Michael Copps, who served as an FCC commissioner from 2001 until 2011, has put out a call to journalists everywhere encouraging them to "generate a national discussion on the future of the internet."
"For more than a decade I occupied a front-row seat watching government policy undermine your profession and our democracy," Copps says in a letter posted at Columbia Journalism Review. "Since I stepped down two years ago, the situation has only gotten worse." He's now extremely wary of Comcast's planned $45 billion acquisition of Time Warner Cable, a merger Copps claims would "run roughshod over consumers in the end."
"The internet is still an adolescent."
And Copps speaks from experience; he joined the FCC in 2001 in an era when the commission "seldom met an industry transaction it didn’t approve." Back then, the agency's carefree attitude towards consolidation allowed Clear Channel to swallow hundreds of stations and morph into the powerful industry force it is today. News Corp., Tribune, and other companies also reaped huge benefits — and eliminated many independent news channels in the process, according to Copps. This ultimately led to "merged stations reporting the same news by the same reporters."
But the worst pairing of them all was the merger of Comcast and NBCUniversal, he says. Those two companies coming under the same roof gave Comcast control of both "the medium and the message." Copps voted against the transaction — he was the only commissioner to do so — warning that it was "too much, too big, too powerful, too lacking in benefits for American consumers and citizens." Now he sees history repeating itself in a way with the announced Time Warner Cable buyout. And this time, thanks to recent court decisions, the internet is in even greater jeopardy. Copps encourages the FCC to reclassify internet services under "telecommunications" so it can restore strict net neutrality laws.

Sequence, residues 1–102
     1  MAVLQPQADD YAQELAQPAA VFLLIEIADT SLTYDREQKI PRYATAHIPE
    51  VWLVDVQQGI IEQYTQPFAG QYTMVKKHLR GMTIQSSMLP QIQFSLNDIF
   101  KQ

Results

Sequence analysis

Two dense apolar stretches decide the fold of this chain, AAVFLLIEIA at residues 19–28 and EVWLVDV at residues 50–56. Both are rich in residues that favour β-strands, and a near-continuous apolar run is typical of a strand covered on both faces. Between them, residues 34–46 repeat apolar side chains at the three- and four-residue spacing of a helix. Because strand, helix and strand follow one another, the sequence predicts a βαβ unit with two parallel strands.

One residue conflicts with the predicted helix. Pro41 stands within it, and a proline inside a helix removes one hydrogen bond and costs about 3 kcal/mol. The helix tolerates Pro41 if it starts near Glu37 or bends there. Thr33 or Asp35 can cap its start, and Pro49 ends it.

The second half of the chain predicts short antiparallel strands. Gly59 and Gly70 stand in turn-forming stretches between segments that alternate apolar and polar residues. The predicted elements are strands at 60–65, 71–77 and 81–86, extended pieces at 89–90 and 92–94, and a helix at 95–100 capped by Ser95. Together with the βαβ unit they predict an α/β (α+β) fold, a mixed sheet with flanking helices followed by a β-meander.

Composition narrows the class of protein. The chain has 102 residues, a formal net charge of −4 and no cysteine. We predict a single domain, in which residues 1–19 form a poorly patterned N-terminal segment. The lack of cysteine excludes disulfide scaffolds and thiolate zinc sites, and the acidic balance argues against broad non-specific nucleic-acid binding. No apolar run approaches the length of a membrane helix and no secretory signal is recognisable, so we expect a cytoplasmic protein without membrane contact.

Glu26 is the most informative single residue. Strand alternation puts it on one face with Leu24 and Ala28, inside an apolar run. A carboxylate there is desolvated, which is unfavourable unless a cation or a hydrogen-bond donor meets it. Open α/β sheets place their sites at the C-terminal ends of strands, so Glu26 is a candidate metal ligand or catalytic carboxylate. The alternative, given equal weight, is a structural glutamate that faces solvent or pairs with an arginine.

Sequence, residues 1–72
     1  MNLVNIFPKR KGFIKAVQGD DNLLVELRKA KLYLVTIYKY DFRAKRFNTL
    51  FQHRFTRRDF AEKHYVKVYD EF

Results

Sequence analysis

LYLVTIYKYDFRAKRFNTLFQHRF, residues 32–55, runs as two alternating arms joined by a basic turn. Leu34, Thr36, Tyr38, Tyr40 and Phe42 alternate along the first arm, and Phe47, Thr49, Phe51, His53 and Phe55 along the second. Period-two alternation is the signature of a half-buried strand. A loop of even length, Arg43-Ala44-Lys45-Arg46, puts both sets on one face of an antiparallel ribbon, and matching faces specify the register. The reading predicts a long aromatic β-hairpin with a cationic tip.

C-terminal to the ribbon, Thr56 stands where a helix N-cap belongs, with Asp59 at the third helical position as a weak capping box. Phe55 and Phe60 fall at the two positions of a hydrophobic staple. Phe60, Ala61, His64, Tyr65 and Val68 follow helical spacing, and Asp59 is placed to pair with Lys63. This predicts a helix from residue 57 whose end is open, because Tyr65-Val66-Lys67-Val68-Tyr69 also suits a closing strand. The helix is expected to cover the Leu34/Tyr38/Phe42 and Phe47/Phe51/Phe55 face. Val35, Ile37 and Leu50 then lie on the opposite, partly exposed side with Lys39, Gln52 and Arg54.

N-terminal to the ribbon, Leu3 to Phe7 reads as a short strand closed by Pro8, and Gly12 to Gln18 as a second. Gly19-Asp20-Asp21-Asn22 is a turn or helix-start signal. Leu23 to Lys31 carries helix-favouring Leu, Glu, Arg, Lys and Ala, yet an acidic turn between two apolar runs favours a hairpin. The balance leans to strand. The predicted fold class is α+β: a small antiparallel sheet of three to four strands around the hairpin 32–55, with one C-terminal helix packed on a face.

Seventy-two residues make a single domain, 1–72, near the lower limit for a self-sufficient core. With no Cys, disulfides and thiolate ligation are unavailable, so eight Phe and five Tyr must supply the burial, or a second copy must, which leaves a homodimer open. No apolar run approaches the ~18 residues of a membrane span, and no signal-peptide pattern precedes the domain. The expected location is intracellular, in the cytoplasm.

"It is testing time for the new FCC Chairman and his colleagues."
"The secret of a thriving internet is that users, not gatekeepers, control their online experiences," he says. Copps implores the FCC to shoot down mergers that will "wreak further havoc on our news and information infrastructure." (He counts the Comcast / Time Warner Cable deal among those.) And the agency must guarantee an open internet and bring affordable broadband to everyone. "Our country has fallen from leader to laggard in broadband," he says. This is another point he hopes can be resolved as part of a national dialogue on the web's future. "Perhaps the current controversy about an open internet will stimulate a broader discussion." Copps' full letter offers an interesting peek at his years in the commission, his disappointment with the current FCC, and his ideas for what should come next.